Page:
In recent years, GaN-based light-emitting diode (LED) have been widely recognized to be the most promising alternative light source for general lighting.1,2) Using the break through patterned sapphire substrate technique, Nichia Corporation has achieved high-brightness GaN-based LEDs with a record-high efficiency of 150 lm/W.3,4) The enhancement in efficiency of GaN-based LEDs on patterned sapphire substrates is generally attributed to the improvement in both light extraction efficiency and internal quantum efficiency.5–9) The improvement in internal quantum eﬃciency is due to the reduction in threading dislocation density by the achievement of lateral growth of a GaN epilayer on the patterned sapphire substrate.10–13) The light extraction efficiency is enhanced by the regular pattern created on the sapphire substrate, which counteracts the eﬀect of total internal reﬂection (TIR) at the GaN/sapphire interface.5)
Numerous patterning features produced on patterned sapphire substrates by either dry etching or wet etching sapphire, which include circular cavities, square cavities, hemispherical bumps, and trenched stripes, have been studied.5,14–17) However, no matter what etching process is used to create the patterns, a hard-mask (SiO2 in most cases) lithographic process is required on the ﬂat c-plane sapphire wafer. In this study, we utilize a mask-free wet-etching process to produce a so-called nature-patterned sapphire substrate (n-pss), with a unique pyramidal pattern on the c- plane sapphire surface. In addition, metal organic chemical vapor deposition (MOCVD) is used to grow a GaN epitaxial layer with an LED structure on the n-pss wafer. The optical and electrical properties of horizontal LED chips fabricated on the n-pss wafer are characterized in detail.
The mask-free wet-etching process used to produce the pyramidal n-pss wafers is described in detail in the following. Before the wet etching process, a SiO2 layer was deposited by plasma-enhanced chemical vapor deposition (PECVD) on the back side of the c-plane sapphire wafer to prevent the back side from being etched. The ﬂat back side of the patterned sapphire wafer also enables good contact with the bottom of the growth pot in the MOCVD chamber, which ensures the high quality of the MOCVD epitaxial process. After deposition of the SiO2 back side layer, the sapphire wafer was immersed in pure H2SO4 . The etching temperature was controlled at a constant temperature of 320 ‘C for periods of 15, 30, and 60 min. After etching, dilute HF solution was used to remove the SiO2 back-side layer. Finally, the etched sapphire wafer was successively cleaned by acetone, isopropyl alcohol (IPA), and distilled water (DI water).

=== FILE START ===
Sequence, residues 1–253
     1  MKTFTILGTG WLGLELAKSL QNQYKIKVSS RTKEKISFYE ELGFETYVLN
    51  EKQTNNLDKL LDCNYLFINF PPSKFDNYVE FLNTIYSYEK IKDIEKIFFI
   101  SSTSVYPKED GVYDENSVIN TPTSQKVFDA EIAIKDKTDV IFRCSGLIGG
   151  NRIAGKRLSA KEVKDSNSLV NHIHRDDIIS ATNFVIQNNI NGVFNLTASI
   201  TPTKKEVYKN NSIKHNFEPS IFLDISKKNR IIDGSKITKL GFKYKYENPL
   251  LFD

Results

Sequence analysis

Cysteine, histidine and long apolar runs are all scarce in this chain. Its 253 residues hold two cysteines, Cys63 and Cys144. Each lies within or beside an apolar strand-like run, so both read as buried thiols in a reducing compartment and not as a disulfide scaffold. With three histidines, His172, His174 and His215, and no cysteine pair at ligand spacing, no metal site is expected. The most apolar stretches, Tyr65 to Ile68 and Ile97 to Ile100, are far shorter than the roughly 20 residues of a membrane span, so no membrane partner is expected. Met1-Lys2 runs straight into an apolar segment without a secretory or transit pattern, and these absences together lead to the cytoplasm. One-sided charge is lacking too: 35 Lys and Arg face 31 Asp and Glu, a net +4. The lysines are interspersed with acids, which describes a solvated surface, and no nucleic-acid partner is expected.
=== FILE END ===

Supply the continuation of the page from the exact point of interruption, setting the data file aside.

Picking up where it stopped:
We found that H2SO4 did not signiﬁcantly etch the sapphire wafer in the thickness direction. Instead, it was found that a massive cubic etching product phase completely covered the surface of the sapphire wafer, as shown in Fig. 1(a). X-ray diffraction (XRD) was used to identify the exact compound phase of the etching-product. As shown in Fig. 1(b), only one strong peak appears in the XRD diffraction pattern, which matches the standard XRD diffraction pattern of the Al2(SO4)3-17H2O phase. Dwikusuma et al. also reported similar ﬁndings, i.e., the formation of the Al2(SO4)3-17H2O phase on sapphire etched by H2SO4. 18) However, Dwikusuma et al.’s XRD result showed all the diffraction peaks of the Al2(SO4)3-17H2O phase but in the present study, the Al2(SO4)3-17H2O etching product exhibits an orientation-preferred XRD diffraction pattern. Faceted pyramids were observed on the n-pss wafers after removal of the etching product in dilute HCl solution. Figure 1(c) shows an enlarged scanning electron microscope (SEM) image of the facet pyramids on the n-pss wafer surface. We found the size of the pyramids on the n-pss wafer to be reasonably uniform, the height and width of the pyramids being about 0.2 and 1.5 mm, respectively. In addition, a ﬂat c-plane sapphire surface appears between the pyramids. This ﬂat c-plane sapphire surface is of importance since it can provide suitable nucleation sites for the initial growth of the buffer GaN epilayer on the patterned sapphire substrate. The average coverage percentage of the pyramids on the etched sapphire wafer is about 44%. Note that patterns typically cover about 50 to 70% of patterned sapphire substrates.5,15,17) In other words, the percentage coverage of the currently studied pyramidal pattern on the etched sapphire wafer is less than the typical coverage.